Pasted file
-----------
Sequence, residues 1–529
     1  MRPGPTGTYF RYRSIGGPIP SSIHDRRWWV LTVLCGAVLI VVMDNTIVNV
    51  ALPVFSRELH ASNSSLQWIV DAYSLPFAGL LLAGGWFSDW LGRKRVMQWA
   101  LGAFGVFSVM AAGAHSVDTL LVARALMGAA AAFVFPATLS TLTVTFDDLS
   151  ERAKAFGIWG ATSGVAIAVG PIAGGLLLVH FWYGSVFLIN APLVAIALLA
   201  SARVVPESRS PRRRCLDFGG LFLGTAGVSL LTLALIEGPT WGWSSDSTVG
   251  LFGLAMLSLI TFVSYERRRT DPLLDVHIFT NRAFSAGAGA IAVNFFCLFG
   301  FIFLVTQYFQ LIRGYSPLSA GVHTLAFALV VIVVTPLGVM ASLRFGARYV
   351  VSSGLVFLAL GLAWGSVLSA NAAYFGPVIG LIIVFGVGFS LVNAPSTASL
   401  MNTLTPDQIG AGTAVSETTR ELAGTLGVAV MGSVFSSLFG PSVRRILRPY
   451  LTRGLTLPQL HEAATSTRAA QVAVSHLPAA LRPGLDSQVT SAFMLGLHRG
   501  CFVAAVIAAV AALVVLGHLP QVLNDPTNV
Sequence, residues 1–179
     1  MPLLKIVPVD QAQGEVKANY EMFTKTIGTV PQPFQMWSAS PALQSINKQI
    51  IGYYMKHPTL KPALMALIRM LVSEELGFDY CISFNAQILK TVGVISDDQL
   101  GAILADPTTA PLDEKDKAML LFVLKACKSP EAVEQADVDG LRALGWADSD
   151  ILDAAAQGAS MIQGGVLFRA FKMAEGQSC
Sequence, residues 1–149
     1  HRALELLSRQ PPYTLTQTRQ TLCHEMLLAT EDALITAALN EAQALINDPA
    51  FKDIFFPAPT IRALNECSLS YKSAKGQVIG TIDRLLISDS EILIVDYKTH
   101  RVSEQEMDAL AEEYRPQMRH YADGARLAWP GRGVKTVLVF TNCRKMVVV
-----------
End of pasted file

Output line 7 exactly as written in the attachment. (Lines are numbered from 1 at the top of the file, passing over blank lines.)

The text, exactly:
   251  LFGLAMLSLI TFVSYERRRT DPLLDVHIFT NRAFSAGAGA IAVNFFCLFG